The response of the embryonic stem cells to royalactin inspired the researchers to investigate whether the mammals themselves produced a similarly structured protein. They discovered the NHLRC3 protein (i.e., the Regina protein) in mice, which is actively produced in all animals, even humans, during the early embryonic stage. When this protein was applied to cultured embryonic mouse stem cells, the cells responded similarly to those exposed to royalactin, also retaining pluripotency.

So what does keeping stem cells in their pluripotent embryonic state mean exactly? Possibly more advanced disease treatments, the ability to heal larger wounds and injuries, and more advanced regeneration of cells and tissues.

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Are There Other Ways to Get Pluripotent Stem Cells?

I’ve discussed induced pluripotent stem cells on this blog before. These are normal adult cells that are genetically modified to resemble pluripotent embryonic stem cells. In essence, a normal cell is tricked into reverting back to the properties of an embryonic stem cell. So cells that aren’t naturally designed to divide forever are forced to become mass cell-producing machines, which, understandably creates genetic problems in the process. In addition, induced pluripotent stem cells have been associated with a high rate of developing aggressive tumors. Learn more about this by watching my video below:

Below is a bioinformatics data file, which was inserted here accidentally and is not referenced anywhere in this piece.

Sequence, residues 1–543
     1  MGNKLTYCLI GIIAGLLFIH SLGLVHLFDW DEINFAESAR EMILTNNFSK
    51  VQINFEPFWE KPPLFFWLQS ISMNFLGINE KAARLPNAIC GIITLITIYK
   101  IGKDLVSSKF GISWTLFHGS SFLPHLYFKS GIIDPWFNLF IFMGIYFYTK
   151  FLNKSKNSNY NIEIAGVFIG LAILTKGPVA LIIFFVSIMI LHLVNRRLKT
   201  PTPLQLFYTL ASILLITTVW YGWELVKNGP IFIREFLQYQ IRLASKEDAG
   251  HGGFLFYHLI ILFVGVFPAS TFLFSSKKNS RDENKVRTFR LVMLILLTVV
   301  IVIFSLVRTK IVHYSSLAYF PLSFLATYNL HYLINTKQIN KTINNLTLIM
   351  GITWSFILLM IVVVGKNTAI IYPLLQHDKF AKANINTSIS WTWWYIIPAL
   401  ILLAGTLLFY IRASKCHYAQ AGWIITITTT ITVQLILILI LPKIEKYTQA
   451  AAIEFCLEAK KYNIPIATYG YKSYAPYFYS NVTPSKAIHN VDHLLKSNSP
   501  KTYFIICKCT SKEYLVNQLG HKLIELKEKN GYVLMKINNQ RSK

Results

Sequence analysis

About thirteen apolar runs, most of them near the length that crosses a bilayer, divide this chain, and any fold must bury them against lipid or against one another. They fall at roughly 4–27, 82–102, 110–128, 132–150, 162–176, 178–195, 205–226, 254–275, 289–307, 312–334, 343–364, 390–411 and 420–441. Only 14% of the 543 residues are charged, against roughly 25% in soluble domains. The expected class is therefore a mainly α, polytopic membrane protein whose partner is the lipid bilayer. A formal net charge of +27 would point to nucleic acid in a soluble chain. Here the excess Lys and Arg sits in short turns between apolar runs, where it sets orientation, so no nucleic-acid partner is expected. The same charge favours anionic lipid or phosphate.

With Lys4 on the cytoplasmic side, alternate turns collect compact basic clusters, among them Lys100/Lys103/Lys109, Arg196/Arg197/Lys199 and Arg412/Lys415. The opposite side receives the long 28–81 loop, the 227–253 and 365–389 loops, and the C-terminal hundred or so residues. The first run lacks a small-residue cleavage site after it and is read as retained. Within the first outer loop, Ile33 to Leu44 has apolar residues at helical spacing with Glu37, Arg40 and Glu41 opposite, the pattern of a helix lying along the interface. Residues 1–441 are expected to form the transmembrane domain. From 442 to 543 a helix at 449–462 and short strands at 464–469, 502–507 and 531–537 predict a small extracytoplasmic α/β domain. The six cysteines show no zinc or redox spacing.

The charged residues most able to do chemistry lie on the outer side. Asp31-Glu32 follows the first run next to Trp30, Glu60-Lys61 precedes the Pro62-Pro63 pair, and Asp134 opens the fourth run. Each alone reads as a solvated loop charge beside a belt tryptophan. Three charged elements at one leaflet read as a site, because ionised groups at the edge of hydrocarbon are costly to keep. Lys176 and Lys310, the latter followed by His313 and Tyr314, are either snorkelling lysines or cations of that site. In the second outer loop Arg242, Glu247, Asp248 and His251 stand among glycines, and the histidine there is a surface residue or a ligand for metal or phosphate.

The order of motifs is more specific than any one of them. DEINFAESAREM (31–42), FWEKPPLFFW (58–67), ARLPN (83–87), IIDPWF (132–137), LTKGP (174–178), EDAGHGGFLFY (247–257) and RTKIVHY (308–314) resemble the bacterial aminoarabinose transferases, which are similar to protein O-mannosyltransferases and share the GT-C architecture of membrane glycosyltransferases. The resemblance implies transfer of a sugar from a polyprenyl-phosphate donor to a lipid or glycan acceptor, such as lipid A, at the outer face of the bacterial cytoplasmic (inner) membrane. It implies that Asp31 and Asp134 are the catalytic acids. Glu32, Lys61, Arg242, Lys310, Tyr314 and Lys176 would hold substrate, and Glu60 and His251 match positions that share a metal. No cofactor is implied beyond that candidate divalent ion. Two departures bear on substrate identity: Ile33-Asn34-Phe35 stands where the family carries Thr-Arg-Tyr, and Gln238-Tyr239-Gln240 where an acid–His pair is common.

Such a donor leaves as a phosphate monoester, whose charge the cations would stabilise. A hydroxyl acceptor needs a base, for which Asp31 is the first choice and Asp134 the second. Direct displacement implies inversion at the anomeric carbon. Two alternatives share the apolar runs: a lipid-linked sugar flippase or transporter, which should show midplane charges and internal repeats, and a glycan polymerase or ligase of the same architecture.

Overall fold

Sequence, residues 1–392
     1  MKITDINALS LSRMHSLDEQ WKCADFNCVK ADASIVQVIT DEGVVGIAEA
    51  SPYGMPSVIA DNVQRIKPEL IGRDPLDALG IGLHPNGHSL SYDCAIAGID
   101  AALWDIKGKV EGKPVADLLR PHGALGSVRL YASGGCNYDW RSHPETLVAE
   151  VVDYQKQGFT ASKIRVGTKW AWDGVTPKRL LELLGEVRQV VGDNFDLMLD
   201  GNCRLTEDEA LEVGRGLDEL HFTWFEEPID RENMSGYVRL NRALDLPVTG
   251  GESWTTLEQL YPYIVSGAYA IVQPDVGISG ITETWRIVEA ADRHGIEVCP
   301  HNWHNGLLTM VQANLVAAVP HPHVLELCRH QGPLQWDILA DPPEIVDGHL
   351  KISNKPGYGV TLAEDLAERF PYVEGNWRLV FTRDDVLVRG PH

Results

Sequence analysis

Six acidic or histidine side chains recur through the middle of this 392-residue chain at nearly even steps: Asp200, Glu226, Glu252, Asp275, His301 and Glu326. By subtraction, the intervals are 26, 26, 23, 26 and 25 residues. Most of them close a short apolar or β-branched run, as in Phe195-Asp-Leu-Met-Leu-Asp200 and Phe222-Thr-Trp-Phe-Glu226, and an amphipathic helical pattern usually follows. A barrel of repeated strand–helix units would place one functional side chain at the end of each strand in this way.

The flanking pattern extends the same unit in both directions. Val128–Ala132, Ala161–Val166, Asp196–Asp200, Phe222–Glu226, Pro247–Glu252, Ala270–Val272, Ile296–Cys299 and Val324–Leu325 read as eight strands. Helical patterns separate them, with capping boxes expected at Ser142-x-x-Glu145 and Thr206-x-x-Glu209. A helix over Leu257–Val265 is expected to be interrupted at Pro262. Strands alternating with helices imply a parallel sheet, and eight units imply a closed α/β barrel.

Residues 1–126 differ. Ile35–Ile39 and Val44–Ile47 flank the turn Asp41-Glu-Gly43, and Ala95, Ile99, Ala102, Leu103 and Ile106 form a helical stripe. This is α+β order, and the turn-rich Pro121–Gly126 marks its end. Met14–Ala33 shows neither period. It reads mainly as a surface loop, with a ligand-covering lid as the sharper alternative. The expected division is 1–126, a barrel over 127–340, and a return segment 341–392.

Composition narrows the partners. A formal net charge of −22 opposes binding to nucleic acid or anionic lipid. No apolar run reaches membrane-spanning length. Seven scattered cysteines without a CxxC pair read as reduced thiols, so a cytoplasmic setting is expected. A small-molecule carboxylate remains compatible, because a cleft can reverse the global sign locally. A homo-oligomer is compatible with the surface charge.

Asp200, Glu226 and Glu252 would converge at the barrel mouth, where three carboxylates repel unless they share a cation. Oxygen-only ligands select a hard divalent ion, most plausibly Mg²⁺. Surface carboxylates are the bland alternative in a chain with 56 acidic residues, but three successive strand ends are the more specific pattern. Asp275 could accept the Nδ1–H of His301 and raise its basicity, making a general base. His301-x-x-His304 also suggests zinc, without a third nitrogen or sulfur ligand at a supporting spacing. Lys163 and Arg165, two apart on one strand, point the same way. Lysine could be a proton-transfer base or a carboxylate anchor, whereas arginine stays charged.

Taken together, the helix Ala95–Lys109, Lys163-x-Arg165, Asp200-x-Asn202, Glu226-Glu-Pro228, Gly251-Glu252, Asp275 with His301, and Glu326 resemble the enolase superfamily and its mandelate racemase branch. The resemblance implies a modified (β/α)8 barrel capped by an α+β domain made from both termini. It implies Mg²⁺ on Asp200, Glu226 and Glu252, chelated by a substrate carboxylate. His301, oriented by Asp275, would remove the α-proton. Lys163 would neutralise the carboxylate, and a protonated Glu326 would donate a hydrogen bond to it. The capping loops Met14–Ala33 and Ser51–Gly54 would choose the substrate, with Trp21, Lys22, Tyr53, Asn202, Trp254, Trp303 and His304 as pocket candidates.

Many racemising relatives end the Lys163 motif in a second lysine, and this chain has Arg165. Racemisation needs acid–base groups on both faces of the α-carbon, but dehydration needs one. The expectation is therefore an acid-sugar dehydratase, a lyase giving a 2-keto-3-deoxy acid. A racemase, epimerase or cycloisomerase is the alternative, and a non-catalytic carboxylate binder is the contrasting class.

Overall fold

Another pluripotent cell that I’ve covered in the past is called a MUSE cell. Multilineage-differentiating stress enduring (MUSE) cells live in adult tissues (as opposed to embryonic stem cells, which live in embryonic tissues) in the human body. They become activated only under extreme stress, hence, the “S” meaning stress in the acronym. If you see clinics advertising that they are using MUSE cell therapies, this isn’t really possible. Let me explain.

In order to isolate and activate these cells, the fat or bone marrow (where MUSE cells reside) has to endure several very harsh conditions, so harsh, in fact, that all other viable cells are destroyed. In other words, if all of your cells were dying, MUSE cells would activate to help keep you alive. You can learn more about MUSE cells in my video below:

The upshot? It's no wonder why science fiction is enamored with bees. Turns out that they can teach us real science when it comes to keeping cells undifferentiated. This may well have implications in how we one day treat real patients, but in the meantime, it only reinforces the subplot of every good scary sci-fi movie. Always go after the alien queen! 

Chris Centeno, MD is a specialist in regenerative medicine and the new field of Interventional Orthopedics. Centeno pioneered orthopedic stem cell procedures in 2005 and is responsible for a large amount of the published research on stem cell use for orthopedic applications. View Profile

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NOTE: This blog post provides general information to help the reader better understand regenerative medicine, musculoskeletal health, and related subjects. All content provided in this blog, website, or any linked materials, including text, graphics, images, patient profiles, outcomes, and information, are not intended and should not be considered or used as a substitute for medical advice, diagnosis, or treatment. Please always consult with a professional and certified healthcare provider to discuss if a treatment is right for you.